Problem with faked-system-time option

Hauke Laging mailinglisten at
Wed Jun 15 00:34:48 CEST 2011

Am Dienstag, 14. Juni 2011, 21:25:06 schrieb MFPA:
> Hi
> On Tuesday 14 June 2011 at 12:33:08 AM, in
> <mid:201106140133.09131.mailinglisten at>, Hauke Laging
> wrote:
> > You should tell apart who has to prove something. Your
> > argument is valid if the signer has to prove that he
> > has made the signature at (or before or after) a
> > certain date and time. His own signature is no proof in
> > that case as he can easily fake the timestamp.
> > 
> > If a third party has to prove that and when the signer
> > has signed a document then the signature timestamp is
> > perfectly OK.
> Suppose the party who originated the document to be signed
> subsequently presents (possibly faked) evidence showing the document
> to have been prepared later than the signature timestamp. The signer
> is now unexpectedly in the position of having to prove something.

First: That is no contradiction to what I have said. Have a look at the 
offline world: You never(?) sign anything in order to be able to prove that 
you have done or have to do something. You sign in order for others to be able 
tp prove that you have done or have to do something.

Second: I really doubt that your case is a practical problem. As I said: The 
other one's interest is usually to be able to prove that you have signed and 
not that you haven't.

A treaty is signed by both parties. So if you have not been fooled into a 
faked signature by the other party then you have a signature with a timestamp 
close to yours.

And even if you were "accused" of having signed with a faked system time: So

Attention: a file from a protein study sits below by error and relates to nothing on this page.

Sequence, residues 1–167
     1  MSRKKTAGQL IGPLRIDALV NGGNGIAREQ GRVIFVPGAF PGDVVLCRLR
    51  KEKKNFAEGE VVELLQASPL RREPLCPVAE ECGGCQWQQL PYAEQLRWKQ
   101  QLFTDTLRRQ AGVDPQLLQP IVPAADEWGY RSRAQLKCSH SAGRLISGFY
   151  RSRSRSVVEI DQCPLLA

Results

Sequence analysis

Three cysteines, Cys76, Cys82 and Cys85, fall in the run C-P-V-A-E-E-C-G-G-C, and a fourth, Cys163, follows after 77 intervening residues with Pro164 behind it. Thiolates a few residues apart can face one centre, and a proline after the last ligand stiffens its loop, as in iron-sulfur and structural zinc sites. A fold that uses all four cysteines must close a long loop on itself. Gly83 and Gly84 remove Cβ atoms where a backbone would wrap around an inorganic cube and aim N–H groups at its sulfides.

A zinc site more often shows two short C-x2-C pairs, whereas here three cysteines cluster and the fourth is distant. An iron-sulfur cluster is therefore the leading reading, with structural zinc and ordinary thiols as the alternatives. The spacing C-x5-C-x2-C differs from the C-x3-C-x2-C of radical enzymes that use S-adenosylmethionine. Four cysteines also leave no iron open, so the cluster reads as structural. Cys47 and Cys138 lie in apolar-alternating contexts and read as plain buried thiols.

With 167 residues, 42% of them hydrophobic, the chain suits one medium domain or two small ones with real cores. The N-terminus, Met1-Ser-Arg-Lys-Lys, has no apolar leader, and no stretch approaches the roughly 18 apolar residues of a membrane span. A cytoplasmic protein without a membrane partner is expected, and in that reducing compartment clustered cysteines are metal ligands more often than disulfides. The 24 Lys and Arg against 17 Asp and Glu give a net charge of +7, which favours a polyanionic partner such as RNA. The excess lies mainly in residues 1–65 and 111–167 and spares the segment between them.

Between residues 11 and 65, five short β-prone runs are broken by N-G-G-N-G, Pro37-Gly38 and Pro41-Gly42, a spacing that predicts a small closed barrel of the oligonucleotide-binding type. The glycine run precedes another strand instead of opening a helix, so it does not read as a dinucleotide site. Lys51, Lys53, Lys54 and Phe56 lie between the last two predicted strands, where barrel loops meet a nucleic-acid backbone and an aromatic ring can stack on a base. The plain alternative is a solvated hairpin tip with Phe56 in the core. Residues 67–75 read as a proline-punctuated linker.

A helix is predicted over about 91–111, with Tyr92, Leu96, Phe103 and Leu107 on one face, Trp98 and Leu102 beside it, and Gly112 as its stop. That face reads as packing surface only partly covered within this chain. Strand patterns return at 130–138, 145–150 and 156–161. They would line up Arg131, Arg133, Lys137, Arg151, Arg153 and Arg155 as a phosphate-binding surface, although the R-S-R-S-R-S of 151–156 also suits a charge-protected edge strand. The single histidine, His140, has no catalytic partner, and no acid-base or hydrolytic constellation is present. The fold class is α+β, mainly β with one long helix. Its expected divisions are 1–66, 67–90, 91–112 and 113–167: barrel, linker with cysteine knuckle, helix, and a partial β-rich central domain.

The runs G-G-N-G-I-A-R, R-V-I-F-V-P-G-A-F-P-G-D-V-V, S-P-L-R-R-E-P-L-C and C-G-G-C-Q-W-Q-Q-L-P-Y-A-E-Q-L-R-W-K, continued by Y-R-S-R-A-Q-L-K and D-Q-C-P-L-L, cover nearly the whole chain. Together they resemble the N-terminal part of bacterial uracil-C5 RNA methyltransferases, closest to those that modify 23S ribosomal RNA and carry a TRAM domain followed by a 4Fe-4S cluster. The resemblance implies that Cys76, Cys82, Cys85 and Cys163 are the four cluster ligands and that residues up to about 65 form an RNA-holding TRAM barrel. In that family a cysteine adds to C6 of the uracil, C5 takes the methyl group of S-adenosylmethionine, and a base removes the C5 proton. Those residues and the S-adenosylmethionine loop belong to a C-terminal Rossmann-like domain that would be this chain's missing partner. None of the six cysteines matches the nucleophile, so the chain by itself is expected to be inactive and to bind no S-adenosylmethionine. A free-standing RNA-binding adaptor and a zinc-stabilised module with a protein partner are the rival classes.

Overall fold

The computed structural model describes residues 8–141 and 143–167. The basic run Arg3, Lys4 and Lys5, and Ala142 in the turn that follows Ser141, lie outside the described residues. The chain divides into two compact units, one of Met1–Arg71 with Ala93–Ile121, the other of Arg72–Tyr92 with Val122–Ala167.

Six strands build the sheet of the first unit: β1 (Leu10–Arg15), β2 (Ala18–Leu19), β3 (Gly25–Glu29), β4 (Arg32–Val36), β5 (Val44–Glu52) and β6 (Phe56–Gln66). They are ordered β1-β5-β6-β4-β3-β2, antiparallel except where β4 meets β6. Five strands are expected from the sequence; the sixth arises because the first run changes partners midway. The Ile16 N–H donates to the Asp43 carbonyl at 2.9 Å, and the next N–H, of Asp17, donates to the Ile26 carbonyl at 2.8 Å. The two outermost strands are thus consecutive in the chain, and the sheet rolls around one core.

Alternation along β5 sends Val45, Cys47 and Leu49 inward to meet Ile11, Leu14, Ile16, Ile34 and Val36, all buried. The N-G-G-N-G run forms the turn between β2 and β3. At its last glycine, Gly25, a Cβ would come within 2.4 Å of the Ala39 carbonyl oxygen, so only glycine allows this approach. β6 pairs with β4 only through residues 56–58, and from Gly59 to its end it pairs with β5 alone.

what? This accusation is very dangerous, BTW. Everyone can easily get 
trustworthy timestamps for his documents or signatures. So you present a 
"proof" that the other one has manipulated and he has a better proof that your 
"proof" is fake? Faking such a proof is probably much worse than faking a 
timestamp for a normal signature.

An idea: I suggest a standardized signature notation like "timestamp". It 
would indicate that you don't make any statement about the signed content 
(which even may be encrypted, even against you) but just confirm the time of 
existence. That would solve (or reduced) the recently mentioned problem "You 
don't know what you sign".

The real problem is IMHO that keys can be revoked (without any bad intention). 
If you don't have a third party timestamp or something similar to prove that 
the signature has been made before the key was revoked then the signature is 
nearly worthless.

That's why I think it would be a good idea to add a signature to all signed 
incoming emails. Then at least you know that those signatures can be trusted. 
Better would be a third party confirmation. The ISPs could do that. Store the 
hash of each delivered email and send you a signed hash list from time to 

PGP: D44C 6A5B 71B0 427C CED3 025C BD7D 6D27 ECCB 5814
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